For those of you who wonder where and how to discover new labels, here is a tip: Browse on YOOX and The Outnet, and then pay attention to the tailored ads that start appearing in your news reading. It’s how I found Mikael Aghal!
Mikael Aghal! A New York-based label of women’s clothes — ultra feminine dresses.
This one captured my fancy and I cannot decide if it is chic or frumpy. Can it be both?
The Photographer, without prompting, recognized a prairie aesthetic here but did not know what to call it. Fortunately, I was able to supply the words. It’s kind of Little House, I said.
These musings bring to mind two topics discussed in the last year: covered up as the defining trend of the decade (2010-2019)* AND Prairie Fires by Caroline Fraser, the extraordinary biography of Laura Ingalls Wilder and her immortal Little House series.**
This dress is a dress but looks like a blouse and a skirt and therefore is instructive because . . . you could create this look with another blouse and skirt. The paperbag waist is au courant and, in my opinion, more flattering on a skirt than on pants. All of those pleats flow more gracefully into a skirt.
The gathered flounce at the hem — look above — is not a flounce at all. It’s a drawstring that an be tightly or loosely gathered to calibrate the volume of the skirt. Ingenious!
A self belt defines this paper bag waist. I have tied the best bow/knot that I can. I think I need Fatima’s guidance on this.
Dress: Mikael Aghal from The Outnet; Shoes: Fly London; Bag: Tory Burch
* Here is another article on this phenomenon. And one more. One of you — Ginger? — recommended The Modist (www.themodist.com) to me some time ago; it’s such a great site. (Translation: Me Want Everything There!) I don’t have any values-based opinions about modest dress and I doubt that I would define “modest” in the same way that religious adherents of many affiliations do, but I believe, fervently, that revealing clothes for day-wear are not interesting, chic, or compelling. (Evening is different, but even then, good taste must control. See, e.g., Lupita Nyong’o and her beautiful, decollete evening gowns; but see Kardashians at Night.)
** After several different key word searches, I cannot find any post discussing Prairie Fires, which I thought I had recommended. It’s a fascinating look at the mythology of the Great Plains, agricultural policy and geo-engineering, and the cruelty of under-regulated investment markets. The mortgage crisis of 2008 has parallels in the railroad boom of the 19th century. Also, be forewarned: Prairie Fires will make you think differently of Laura Ingalls Wilder and her books.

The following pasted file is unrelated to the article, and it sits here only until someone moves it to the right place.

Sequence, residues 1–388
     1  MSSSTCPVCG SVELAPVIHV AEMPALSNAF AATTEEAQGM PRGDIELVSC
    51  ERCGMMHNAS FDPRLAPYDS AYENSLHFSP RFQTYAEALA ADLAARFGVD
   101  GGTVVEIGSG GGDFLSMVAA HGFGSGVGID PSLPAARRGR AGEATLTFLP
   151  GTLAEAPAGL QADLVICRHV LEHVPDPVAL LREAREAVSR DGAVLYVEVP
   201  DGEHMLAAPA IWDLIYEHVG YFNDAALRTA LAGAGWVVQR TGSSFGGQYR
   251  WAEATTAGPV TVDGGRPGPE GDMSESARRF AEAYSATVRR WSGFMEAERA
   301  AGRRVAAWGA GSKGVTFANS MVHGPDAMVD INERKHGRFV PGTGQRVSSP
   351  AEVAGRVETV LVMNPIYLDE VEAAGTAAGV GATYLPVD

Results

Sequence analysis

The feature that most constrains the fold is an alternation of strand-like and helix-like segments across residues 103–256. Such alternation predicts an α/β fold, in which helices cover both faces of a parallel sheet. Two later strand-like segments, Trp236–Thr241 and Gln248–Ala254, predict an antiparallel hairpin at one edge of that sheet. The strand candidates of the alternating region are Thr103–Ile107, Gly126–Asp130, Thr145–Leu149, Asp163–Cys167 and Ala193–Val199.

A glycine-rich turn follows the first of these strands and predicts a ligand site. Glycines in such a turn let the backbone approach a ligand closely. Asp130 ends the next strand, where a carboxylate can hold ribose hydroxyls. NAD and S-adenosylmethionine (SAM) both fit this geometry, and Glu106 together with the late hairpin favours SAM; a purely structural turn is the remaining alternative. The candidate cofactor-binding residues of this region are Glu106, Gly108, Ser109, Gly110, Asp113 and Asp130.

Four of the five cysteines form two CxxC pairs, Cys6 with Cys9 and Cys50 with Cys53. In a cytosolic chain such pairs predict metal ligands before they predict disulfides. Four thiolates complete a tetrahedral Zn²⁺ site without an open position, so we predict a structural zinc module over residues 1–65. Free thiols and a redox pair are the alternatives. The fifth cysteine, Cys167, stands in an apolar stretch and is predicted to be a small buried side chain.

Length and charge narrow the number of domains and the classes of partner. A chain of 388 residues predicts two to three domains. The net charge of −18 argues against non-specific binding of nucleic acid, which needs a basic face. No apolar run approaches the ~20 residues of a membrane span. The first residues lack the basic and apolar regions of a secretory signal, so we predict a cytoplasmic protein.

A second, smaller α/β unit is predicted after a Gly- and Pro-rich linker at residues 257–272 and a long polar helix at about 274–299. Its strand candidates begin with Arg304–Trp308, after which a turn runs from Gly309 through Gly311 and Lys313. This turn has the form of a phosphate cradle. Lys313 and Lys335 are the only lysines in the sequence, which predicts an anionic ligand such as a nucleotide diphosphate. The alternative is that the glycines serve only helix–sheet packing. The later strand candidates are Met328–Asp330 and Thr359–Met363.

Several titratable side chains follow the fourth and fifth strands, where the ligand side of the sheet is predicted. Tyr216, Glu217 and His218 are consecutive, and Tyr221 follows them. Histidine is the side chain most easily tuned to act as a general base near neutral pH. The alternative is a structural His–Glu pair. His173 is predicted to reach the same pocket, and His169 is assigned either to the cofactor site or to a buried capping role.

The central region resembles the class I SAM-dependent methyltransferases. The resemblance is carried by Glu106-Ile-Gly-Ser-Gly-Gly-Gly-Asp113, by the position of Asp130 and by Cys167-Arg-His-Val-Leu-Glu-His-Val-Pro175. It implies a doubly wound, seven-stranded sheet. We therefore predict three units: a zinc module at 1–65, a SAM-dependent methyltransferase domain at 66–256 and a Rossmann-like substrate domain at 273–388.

+ There are plenty of Mikael Aghal dresses with long sleeves on The Outnet, so look forward to fall. I like this one, but cannot decide if it is beautiful or hideo-marvelous.
11 thoughts on “So Little House”
I have observed in myself a desire to be more covered up. I think it’s fascinating how I’m influenced without conscious choice by fashion trends. I chose a bathing suit with a high neck this season, and now I know why. I thought it was just becoming older, but it’s my response to this new trend. Anyway, I’m all for it!
True, the paperbag waist does fit more naturally with a skirt. Too bad that bottom half of the dress isn’t an actual skirt. Drawstring bottom: clever innovation.
It’s chic — it might look frumpy on others but not on you. The posture and poise carry it.
“Prairie Fires” sounds excellent, thank you for the recommendation!
You also make a strong case for reserving bag waists for skirts; especially helpful to those of us who will never look their best in trousers.
Not at all frumpy!
With the sheer top half and no sleeves, you’re still “showing” enough to qualify as feminine – and that bow! Love the Prairie reference, and will check out the book.
Disclaimer: I was raised in the Midwest , I had a sunbonnet and my sister and I hauled our dog around in a red wagon pretending we were pioneers. I read “Prairie Fire” and liked it, but it does point out some of the slant that the Little House books presented. Wilder and her daughter/editor Lane recast her childhood with a decided philosophy that went heavy on individualism, and left out some of their more sorrowful times. The family did skip out on some debts, take public assistance, and scrape along with bare cupboards quite a bit. What really struck me from the book was that once Laura and family moved to Missouri, she never saw her Mother again. All the same, she created a strong female character that I admired.
It’s too bad this is a dress because I think I would like the skirt without the blouse better. Together it’s a tad much for me. Maybe a tailored jacket over the ruffled top would suit me better. I do love the color of the skirt!
I’m interested in the history/book recommendation, I love the skirt part of that dress, but MOSTLY I adore the term “hideo-marvelous.” Thou art a genius, Directrice.
It has been over two weeks! Where art thou Directrice? Come back, all is forgiven . Jokes. I am sure that you are either super busy or on vacation. I look forward to your next tres amusant post.
I came here wondering the same thing! Maybe it will turn into content… I would love an aggregated “daily quick mirror selfies with outfits actually worn to work during crunch time” post!
Katie, “super busy” is the answer to your question.
After a few wearing as-is, I would be tempted to separate this apparently-skirt-and-blouse in to two distinct pieces – they could still be worn together, of course, but each also in other outfits. A hem panel could be added to the blouse by the indefatigable Fatima, should it prove too short post-bisection.